# Analysis of algorithms and data structures, their order, their typology and their implementation in different languages

It is said that something is recursive if it is defined in terms of itself or itself. It is also said that the same word should never be included in the definition of this one. The fact is that recursive definitions appear frequently in mathematics, and even in real life. An example: just point a camera at the monitor that shows the image that that camera shows. The effect is truly curious, especially when you move the camera around the monitor.
ऐसा कहा जाता है कि कुछ पुनरावर्ती है अगर इसे खुद या स्वयं के संदर्भ में परिभाषित किया जाता है यह भी कहा जाता है कि एक ही शब्द को कभी भी इस एक की परिभाषा में शामिल नहीं किया जाना चाहिए। तथ्य यह है कि पुनरावर्ती परिभाषाएं गणित में अक्सर दिखाई देती हैं, और यहां तक कि वास्तविक जीवन में भी। एक उदाहरण: सिर्फ उस कैमरे को मॉनिटर पर इंगित करें जो छवि को दिखाता है जो कि कैमरा दिखाता है प्रभाव वास्तव में उत्सुक है, खासकर जब आप मॉनिटर के चारों ओर कैमरे को ले जाते हैं.

In mathematics, we have multiple recursive definitions:

– Natural numbers:

(1) 1 is natural number.
(2) the next number of a natural number is a natural number

– The factorial: n !, of a natural number (including 0):

(1) if n = 0 then: 0! = 1
(2) if n> 0 then: n! = n · (n-1)!

Also, a program can be defined in recursive terms, such as a series of basic steps, or base step (also known as a stop condition), and a recursive step, where the program is called again. On a computer, this series of recursive steps must be finite, ending with a base step. That is to say, at each recursive step, the number of steps that must be taken to finish is reduced, reaching a moment in which the condition of passage to recursion is not verified. Neither the base step nor the recursive step are necessarily unique.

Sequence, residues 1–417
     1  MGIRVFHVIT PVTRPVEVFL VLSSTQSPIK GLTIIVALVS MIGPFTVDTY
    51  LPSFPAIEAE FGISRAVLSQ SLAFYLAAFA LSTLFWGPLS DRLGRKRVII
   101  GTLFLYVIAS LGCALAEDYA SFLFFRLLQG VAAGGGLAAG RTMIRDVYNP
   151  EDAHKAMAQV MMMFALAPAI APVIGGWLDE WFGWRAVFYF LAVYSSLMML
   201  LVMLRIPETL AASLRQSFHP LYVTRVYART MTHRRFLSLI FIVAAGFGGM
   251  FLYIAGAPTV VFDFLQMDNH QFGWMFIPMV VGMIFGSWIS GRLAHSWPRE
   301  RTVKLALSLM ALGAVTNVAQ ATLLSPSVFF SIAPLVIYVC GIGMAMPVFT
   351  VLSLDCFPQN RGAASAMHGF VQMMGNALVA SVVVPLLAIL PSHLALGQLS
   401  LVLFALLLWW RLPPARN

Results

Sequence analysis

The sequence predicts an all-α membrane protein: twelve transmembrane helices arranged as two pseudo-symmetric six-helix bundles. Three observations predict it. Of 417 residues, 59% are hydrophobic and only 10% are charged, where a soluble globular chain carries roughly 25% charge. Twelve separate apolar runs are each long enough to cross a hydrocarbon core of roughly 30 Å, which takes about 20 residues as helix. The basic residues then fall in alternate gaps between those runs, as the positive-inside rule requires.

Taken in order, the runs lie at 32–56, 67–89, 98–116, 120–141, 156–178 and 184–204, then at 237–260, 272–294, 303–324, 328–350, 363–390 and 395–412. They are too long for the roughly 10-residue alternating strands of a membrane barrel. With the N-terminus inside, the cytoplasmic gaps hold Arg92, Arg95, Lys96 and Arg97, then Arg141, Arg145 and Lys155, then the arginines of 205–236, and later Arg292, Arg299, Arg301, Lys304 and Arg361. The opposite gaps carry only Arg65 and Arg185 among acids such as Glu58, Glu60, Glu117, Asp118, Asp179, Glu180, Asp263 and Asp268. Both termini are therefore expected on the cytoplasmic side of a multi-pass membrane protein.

इसके अलावा, एक प्रोग्राम को पुनरावर्ती शब्दों में परिभाषित किया जा सकता है, जैसे कि बुनियादी चरणों की श्रृंखला, या आधार चरण (जिसे स्टॉप स्थिति के रूप में भी जाना जाता है), और पुनरावर्ती कदम, जहां कार्यक्रम को फिर से बुलाया जाता है किसी कंप्यूटर पर, पुनरावर्ती चरणों की इस श्रृंखला को एक आधार चरण के साथ समाप्त होना चाहिए। यह कहने के लिए, प्रत्येक पुनरावर्ती चरण में, समाप्त करने के लिए किए जाने वाले चरणों की संख्या कम हो जाती है, जिसमें एक क्षण तक पहुंच होती है जिसमें पुनरावृत्ति के मार्ग की स्थिति सत्यापित नहीं होती है। न तो आधार कदम और न ही पुनरावर्ती कदम अनिवार्य रूप से अद्वितीय हैं

On the other hand, recursion can also be indirect, if we have a procedure P that calls another Q and this in turn calls P. Also in these cases there must be a stop condition.

There are certain structures whose definition is recursive, such as trees, and algorithms that use trees are usually recursive.

An example of a recursive program in C, the factorial:

int factorial (int n)
{
if (n == 0) return 1;